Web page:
When the Government Shuts, Even Web Sites Go Down

The New York Times:  “When the federal government last shutdown in 1995, most agencies and departments had either no presence on the Internet or a very basic Web site. Since then, agency Web sites have become the primary public face of the government for most Americans who do not live in or near Washington. So it’s perhaps not surprising that the decision by agencies such as NASA and the Library of Congress to take down their sites this week has gotten a lot of attention.

In keeping with the senseless nature of the shutdown, some Web sites are down while others are still up. The Federal Trade Commission, for instance, has blocked access to its site. It has posted a notice online saying that it’s closed indefinitely as are its systems for people to register complaints or enter telephone numbers on the do-not call list. By contrast, the Department of Education has left its site up with a notice informing visitors that it will not be updated during the shutdown. Sites for the White House, Treasury and the Internal Revenue Service, are being updated at least in part. (Here’s a pretty comprehensive list of which sites are up and which are not.)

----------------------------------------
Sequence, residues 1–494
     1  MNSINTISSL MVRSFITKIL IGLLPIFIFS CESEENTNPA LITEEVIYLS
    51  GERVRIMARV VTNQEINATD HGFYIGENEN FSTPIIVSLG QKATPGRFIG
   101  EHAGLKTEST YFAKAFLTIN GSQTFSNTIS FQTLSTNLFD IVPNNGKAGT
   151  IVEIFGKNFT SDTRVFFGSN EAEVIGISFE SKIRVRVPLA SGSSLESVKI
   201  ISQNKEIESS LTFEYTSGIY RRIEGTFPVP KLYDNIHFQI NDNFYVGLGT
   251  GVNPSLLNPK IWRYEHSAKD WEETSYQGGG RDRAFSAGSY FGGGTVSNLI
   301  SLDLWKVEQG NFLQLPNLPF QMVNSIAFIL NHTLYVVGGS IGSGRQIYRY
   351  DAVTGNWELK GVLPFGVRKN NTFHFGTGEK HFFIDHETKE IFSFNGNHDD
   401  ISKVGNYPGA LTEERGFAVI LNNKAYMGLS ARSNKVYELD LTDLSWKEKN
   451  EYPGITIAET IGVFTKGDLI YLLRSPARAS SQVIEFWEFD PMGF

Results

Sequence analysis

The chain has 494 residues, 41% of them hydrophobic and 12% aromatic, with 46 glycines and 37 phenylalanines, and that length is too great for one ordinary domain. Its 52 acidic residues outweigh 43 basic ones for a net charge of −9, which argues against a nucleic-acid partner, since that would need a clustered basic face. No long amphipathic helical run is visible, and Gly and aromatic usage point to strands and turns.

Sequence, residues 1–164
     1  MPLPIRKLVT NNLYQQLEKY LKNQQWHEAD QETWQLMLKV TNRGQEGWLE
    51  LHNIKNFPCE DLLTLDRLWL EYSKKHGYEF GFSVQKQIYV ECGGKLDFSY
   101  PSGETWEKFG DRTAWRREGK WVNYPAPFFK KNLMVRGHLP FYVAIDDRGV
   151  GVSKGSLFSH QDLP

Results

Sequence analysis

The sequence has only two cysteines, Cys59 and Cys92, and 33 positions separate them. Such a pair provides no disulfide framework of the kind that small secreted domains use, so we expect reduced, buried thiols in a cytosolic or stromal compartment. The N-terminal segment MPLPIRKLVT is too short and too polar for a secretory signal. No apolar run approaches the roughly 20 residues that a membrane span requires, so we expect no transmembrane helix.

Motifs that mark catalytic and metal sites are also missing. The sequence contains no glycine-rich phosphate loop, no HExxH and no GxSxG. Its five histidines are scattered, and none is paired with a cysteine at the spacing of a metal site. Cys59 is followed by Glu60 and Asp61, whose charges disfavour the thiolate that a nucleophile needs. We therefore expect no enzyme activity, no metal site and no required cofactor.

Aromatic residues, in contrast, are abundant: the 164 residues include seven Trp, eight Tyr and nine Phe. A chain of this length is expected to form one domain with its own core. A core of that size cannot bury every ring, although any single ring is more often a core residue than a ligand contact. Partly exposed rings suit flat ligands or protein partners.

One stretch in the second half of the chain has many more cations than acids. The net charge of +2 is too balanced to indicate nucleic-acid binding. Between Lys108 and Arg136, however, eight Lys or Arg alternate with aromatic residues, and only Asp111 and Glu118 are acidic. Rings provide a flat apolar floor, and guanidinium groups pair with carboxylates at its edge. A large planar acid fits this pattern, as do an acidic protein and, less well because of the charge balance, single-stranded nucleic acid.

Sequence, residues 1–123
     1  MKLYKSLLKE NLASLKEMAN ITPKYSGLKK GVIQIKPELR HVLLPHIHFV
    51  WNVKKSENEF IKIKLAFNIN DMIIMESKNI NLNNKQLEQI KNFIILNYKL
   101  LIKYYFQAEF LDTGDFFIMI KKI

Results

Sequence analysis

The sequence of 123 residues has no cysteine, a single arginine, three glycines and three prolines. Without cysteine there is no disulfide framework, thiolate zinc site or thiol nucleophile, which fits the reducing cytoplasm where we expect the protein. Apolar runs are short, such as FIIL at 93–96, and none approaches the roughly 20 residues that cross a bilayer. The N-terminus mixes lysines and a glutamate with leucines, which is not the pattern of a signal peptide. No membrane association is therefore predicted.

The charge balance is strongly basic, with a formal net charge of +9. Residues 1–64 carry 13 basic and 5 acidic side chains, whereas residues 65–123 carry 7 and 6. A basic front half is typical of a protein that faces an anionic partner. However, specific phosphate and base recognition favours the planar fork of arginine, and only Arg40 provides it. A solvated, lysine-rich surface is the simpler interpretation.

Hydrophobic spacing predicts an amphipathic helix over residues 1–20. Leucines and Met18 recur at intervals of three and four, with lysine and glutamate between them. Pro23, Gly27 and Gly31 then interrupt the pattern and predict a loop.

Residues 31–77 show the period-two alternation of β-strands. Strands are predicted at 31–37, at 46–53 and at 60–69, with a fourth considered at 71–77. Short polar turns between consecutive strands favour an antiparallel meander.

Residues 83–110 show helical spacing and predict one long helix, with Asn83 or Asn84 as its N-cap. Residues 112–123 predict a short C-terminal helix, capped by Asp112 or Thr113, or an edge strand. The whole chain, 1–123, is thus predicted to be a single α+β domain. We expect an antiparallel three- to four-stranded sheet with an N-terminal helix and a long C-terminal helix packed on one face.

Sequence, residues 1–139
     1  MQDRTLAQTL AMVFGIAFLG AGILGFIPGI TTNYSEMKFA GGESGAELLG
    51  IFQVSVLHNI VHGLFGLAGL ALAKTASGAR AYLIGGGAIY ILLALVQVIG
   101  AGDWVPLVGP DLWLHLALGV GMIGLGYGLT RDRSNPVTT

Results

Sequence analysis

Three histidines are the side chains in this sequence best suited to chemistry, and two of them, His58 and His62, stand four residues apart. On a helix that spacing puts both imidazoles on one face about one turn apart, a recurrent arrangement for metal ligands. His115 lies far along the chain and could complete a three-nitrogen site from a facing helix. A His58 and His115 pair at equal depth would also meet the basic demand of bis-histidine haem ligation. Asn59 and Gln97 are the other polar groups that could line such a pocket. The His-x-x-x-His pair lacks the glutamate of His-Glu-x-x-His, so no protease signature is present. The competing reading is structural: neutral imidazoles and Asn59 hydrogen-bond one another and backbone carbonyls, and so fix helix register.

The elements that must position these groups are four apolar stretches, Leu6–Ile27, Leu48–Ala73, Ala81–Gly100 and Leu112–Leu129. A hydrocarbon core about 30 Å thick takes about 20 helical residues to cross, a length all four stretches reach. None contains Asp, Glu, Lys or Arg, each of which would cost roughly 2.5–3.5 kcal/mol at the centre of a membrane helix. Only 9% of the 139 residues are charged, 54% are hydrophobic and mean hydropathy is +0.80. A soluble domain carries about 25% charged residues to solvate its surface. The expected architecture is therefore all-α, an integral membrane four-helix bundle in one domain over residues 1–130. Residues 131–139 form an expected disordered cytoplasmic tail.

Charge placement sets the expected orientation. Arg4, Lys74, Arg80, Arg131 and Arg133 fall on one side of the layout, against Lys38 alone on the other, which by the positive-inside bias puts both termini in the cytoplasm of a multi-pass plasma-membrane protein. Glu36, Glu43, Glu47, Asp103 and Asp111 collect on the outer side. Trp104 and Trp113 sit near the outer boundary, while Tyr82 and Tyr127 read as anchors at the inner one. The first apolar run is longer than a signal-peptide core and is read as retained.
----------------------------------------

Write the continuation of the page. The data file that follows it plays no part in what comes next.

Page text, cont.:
Each department and agency has had to decide what to do with its Web site based on its interpretation of federal laws and rules. In a memo (PDF) written last month, the Office of Management and Budget offered some guidance to officials trying to figure out what to do. ..In further keeping with the truly bizarre nature of government shutdowns, the O.M.B. also reminded government officials that they should pay no attention to whether it will cost more to shut down their Web site than it does to keep it going.”
See also: Blacked Out Government Websites Available Through Wayback Machine